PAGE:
All you really need for a year of international birding is a pair of binoculars, a pair of pants, and a passport, but my packing list is slightly more luxurious than that. I have just one rule: Everything must fit in a carry-on bag. No checked luggage allowed!
The benefits of packing light should be obvious. I skip most airport lines, will save hundreds (thousands?) of dollars on checked-bag fees, don’t worry about things getting lost, and am generally more nimble. I can walk around with all my stuff if necessary; for instance, in northwest Argentina I carried everything on my back while hiking in the mountains for four days. All forms of transportation are way easier without bulky luggage. I wouldn’t do it any other way.
Carry-on has its limitations, though, usually measured in volume. I settled on a 40-liter backpack from REI, which looked big enough on the Internet but appeared somewhat smaller in my living room. It’s not much larger than a kid’s schoolbag, but it helped me make the right choices—I just told myself, “If it doesn’t fit, I don’t need it.”
The result is a pretty svelte travel kit. Compressing your life into 40 liters is an interesting exercise, and it shows your priorities. I’ve done this once before, when I hiked the 2,650-mile Pacific Crest Trail in 2011, and the gear list from that adventure is surprisingly similar to this one. The PCT first taught me that the farther you go, the less you need, a lesson which I’ve carried forward into this big year.
Here, below, are some highlights of my gear list, ordered roughly from heaviest to lightest:
Optics: Definitely the heaviest item in my pack! I managed to fit a Leica 65mm spotting scope with a four-section tripod (folds down smaller) and a pair of Leica 10x42 HD-plus binoculars. No birder should willingly skimp on optics, and these are the crystal-clear eyes of my big year. I also have a Leica V-Lux camera, which is a nice balance between a pocket point-and-shoot (which would be tough for bird photos) and a typical SLR camera (which would be too heavy). As backup I have a tiny GoPro Hero3 (good for videos) and the camera on my phone.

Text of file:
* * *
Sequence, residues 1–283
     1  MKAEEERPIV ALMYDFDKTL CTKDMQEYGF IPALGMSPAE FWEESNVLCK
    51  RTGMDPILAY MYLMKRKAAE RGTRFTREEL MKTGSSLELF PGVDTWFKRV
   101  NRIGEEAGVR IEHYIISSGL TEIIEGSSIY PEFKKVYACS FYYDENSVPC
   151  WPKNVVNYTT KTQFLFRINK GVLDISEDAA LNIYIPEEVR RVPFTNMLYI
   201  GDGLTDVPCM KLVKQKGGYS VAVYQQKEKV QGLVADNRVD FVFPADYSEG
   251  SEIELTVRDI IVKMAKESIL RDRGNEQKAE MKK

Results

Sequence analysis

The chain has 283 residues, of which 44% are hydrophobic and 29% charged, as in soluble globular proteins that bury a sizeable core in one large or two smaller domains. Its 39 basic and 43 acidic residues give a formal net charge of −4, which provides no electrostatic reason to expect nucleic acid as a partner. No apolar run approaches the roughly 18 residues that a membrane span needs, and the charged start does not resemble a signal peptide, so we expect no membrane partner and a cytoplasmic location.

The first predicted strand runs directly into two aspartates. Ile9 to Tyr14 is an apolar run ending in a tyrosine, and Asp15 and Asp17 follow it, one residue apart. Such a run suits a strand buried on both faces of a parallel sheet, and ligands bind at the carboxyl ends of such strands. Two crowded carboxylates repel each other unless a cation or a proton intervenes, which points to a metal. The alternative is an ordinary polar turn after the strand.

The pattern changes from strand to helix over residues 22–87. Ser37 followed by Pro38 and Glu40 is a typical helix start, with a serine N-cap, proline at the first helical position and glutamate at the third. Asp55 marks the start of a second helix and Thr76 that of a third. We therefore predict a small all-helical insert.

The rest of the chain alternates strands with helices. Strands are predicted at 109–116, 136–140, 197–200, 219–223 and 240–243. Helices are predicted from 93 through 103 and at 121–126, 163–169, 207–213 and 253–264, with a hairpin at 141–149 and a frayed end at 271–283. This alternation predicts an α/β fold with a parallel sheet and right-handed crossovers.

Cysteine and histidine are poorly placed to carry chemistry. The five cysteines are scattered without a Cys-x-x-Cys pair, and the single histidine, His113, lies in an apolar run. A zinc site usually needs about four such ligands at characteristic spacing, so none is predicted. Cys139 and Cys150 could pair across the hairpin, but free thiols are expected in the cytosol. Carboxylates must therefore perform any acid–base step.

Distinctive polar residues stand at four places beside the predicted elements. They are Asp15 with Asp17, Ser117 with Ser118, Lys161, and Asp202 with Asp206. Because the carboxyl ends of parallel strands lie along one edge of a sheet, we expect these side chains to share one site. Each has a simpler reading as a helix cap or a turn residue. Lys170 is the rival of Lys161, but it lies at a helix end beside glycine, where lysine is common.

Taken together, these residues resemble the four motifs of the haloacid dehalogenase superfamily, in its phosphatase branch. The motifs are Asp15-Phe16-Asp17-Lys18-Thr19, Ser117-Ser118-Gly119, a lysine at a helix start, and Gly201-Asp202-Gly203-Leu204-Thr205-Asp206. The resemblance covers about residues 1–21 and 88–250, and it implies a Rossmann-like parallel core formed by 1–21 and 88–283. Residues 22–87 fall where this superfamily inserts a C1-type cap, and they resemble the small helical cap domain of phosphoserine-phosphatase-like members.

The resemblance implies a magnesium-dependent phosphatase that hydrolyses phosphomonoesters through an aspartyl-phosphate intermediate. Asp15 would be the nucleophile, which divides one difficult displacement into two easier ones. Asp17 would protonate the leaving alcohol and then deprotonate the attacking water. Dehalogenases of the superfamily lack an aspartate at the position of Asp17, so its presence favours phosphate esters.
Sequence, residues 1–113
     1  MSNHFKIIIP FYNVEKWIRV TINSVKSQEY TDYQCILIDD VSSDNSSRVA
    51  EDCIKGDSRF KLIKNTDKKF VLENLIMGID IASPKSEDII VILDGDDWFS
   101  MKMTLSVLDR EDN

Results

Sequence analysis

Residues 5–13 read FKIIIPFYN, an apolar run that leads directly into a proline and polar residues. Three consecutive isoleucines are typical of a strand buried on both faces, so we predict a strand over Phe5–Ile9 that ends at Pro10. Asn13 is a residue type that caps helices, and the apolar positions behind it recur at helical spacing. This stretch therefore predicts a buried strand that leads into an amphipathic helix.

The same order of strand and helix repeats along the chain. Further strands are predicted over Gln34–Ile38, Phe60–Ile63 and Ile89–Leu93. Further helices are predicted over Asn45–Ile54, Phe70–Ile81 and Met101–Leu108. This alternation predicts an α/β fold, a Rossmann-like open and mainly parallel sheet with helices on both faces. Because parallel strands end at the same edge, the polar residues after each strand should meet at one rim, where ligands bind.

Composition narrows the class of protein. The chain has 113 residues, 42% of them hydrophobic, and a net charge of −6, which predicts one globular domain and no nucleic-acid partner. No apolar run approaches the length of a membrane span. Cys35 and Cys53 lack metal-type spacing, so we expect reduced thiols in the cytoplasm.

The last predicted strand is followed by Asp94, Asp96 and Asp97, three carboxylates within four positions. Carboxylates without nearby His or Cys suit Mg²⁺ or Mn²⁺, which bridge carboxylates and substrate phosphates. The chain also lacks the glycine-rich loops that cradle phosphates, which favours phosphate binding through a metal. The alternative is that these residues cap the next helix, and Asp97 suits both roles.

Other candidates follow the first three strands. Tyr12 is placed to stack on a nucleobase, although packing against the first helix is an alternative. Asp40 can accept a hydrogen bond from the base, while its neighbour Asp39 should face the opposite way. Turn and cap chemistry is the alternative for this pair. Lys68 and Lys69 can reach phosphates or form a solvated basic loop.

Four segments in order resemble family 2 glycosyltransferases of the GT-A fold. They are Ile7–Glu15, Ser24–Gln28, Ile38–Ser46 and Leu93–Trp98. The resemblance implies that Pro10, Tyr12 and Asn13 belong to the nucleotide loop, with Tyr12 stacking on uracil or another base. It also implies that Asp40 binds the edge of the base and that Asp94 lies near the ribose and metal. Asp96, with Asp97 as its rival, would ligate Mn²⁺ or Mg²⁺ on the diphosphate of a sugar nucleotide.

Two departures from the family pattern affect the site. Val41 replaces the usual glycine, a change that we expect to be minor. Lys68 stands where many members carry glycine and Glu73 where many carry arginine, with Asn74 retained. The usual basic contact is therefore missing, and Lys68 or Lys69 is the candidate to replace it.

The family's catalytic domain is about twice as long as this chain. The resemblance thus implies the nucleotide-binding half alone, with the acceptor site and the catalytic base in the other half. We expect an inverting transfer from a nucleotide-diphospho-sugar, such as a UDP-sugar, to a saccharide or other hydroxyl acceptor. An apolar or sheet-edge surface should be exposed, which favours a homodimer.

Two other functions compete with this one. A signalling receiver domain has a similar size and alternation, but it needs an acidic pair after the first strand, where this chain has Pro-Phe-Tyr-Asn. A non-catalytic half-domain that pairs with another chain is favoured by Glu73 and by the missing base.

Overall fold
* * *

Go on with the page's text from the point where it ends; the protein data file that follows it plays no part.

Electronics: Having never been a Mac person, I must admit that the 11” MacBook Air is an ideal travel laptop. It has great battery life and turns on instantly so I can flick it open anywhere (this year I’m working a lot in cars and on planes). I use an iPhone for several things: To keep track of bird sightings (via the BirdLog app which uploads to eBird); check email and make calls (I switched to T-Mobile this year, the only U.S. carrier to include international coverage without roaming fees); and as a reference (before leaving home, I scanned several dozen field guides and put them on my laptop and phone, so I don’t have to carry paper ones).
Clothing: Lightweight pants (2); shorts; synthetic T-shirts (3); insect-proof button-up longsleeve; warm longsleeve; down jacket; thin rain shell; lightweight long underwear (might ditch); undies (3); smartwool socks (3), neck warmer; cotton handkerchief (useful as a towel/cleaner); baseball cap; sunglasses; flip-flops; and tennis shoes. I brought some warmer layers for Antarctica at the beginning of the year and gave them away, and picked up a pair of rubber boots and an umbrella which I will carry through South and Central America.
Other: Israeli water purification tablets (said to be the best); a year’s supply of malaria pills (haven’t needed any yet); silk sleeping bag liner (useful for low-rent rooms without sheets); high intensity LED flashlight (for owling); plastic spoon (very useful!); travel lock (might ditch); and a bottle of Tabasco-flavored jelly beans (for those moments when you just have to spice things up).